The first time Heather rode Henry in the SPH saddle pad she felt an instant change in his response time and was happy to see that he wasn’t sore after their ride. She is excited to invest in more of these pads in the future and is sold that this pad will help any horse, especially since they offer an English version as well.
Heather has had to spend the past month in work mode rather than horse mode, so Henry got to enjoy some down time and relax in the pasture with his horsey friends. Heather returned home from Military Annual Training just in time to fit a few rides in before their two-day reining and performance clinic with Lex Vogt, a 15 time world champion in reining and working cow classes. Despite the horrid temperatures during the event, Henry put 110% in each day and picked up on all of the new tasks quite quickly. Since the clinic, the pair have been practicing daily and Heather has definitely seen improvement in Henry’s performance. They have some fun shows lined up to better prepare them for the Makeover!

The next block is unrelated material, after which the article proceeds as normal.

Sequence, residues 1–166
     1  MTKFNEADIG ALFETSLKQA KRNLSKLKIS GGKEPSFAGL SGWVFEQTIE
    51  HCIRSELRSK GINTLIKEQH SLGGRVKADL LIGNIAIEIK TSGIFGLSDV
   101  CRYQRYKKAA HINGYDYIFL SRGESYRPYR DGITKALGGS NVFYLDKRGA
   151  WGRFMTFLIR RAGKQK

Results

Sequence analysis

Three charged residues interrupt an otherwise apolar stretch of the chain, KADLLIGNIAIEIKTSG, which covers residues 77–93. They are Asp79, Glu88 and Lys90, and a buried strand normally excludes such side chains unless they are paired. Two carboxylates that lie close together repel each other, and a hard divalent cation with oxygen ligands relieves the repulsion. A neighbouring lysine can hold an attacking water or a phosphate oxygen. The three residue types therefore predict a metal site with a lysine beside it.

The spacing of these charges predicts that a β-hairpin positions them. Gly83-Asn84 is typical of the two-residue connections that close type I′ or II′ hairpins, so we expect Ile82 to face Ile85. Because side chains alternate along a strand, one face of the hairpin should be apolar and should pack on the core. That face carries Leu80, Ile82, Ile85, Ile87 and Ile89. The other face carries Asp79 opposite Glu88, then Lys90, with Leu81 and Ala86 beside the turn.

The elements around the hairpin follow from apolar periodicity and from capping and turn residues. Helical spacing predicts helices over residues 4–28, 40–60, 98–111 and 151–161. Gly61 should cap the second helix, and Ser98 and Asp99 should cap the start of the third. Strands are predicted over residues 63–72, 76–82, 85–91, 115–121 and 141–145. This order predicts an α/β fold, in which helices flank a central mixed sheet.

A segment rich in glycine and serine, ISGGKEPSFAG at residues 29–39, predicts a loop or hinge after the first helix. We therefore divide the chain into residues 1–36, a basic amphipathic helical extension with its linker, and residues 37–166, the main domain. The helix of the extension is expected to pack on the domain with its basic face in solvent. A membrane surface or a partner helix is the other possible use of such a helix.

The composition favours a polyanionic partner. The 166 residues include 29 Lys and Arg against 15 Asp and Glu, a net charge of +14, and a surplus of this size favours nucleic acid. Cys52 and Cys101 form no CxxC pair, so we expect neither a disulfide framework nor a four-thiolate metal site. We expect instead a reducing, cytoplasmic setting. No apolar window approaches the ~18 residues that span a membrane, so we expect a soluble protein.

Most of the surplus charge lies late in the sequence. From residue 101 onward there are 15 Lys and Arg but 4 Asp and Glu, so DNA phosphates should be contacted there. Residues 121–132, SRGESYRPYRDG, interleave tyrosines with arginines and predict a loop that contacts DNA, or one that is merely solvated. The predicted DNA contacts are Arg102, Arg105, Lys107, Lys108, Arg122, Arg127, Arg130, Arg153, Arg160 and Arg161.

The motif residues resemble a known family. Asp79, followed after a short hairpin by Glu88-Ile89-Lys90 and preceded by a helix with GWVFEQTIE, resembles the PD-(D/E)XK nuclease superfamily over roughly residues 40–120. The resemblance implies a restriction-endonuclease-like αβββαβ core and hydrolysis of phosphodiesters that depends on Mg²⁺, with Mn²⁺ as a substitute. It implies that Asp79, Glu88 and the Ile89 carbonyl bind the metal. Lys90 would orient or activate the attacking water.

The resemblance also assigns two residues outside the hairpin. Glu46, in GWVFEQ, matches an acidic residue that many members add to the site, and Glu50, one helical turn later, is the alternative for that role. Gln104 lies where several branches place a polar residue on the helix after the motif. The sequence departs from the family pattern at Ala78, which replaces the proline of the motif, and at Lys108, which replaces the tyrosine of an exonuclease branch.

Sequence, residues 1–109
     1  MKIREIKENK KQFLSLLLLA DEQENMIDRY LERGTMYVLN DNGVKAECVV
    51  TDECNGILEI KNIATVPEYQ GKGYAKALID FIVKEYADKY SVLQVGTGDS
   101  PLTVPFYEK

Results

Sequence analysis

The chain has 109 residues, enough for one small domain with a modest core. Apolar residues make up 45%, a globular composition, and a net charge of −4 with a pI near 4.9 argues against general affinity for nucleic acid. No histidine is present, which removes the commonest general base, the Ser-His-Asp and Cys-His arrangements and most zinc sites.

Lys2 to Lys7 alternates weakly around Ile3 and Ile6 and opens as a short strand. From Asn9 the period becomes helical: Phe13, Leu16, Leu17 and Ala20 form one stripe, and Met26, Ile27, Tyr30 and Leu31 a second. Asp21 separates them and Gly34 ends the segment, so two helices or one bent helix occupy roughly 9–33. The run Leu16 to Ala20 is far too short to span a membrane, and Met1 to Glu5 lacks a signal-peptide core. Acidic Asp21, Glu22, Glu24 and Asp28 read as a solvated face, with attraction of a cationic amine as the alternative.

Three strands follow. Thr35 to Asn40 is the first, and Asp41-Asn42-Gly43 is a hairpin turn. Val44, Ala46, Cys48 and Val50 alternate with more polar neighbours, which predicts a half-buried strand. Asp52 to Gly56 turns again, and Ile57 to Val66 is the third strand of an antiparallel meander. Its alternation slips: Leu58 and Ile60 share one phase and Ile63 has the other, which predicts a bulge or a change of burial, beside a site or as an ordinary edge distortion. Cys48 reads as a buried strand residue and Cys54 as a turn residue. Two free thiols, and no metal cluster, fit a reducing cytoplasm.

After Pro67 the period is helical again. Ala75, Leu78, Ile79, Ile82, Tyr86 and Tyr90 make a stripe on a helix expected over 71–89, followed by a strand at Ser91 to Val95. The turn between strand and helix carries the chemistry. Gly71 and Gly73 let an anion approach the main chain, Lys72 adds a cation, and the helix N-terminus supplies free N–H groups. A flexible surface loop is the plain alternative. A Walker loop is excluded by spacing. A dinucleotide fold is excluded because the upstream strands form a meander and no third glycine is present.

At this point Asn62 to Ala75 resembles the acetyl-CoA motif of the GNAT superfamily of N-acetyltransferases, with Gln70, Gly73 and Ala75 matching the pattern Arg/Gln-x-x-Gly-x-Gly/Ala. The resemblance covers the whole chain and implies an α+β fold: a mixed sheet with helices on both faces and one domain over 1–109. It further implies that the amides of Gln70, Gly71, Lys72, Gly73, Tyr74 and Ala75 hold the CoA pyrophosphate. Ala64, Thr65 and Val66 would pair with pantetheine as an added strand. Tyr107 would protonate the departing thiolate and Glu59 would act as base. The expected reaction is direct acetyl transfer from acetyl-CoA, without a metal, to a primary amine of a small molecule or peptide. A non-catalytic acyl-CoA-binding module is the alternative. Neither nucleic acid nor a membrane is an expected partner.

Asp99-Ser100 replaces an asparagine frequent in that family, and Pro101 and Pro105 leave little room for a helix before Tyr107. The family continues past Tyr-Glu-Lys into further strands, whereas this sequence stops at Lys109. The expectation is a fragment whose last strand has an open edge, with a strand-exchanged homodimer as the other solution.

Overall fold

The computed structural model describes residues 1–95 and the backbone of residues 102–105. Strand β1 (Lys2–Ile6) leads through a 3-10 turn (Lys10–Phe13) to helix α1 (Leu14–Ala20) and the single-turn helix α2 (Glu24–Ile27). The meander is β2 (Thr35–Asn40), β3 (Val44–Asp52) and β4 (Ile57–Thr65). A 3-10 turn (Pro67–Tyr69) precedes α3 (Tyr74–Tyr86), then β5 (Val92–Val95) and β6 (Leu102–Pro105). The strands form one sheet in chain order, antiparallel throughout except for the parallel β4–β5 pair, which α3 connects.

Amy Lent: Freestyle, Professional
“She started cantering the poles on her own and had a good go and cantered the barrels very well.
Rather than use special equipment (other than the longe lines) to work Edeline in, Amy uses a lot of obstacles and challenges to build her confidence and trust. Amy incorporates bridges, tarps, pool noodles, and a cowboy curtain to start and later incorporates some more difficult obstacles into their training regime. She plans to have many different obstacles in their freestyle pattern, so she is adjusting Edeline to those new scenarios. Edeline responds well to a snaffle for both riding and driving, but Amy plans on switching her to a separate bit for riding and driving so she can adapt to the difference.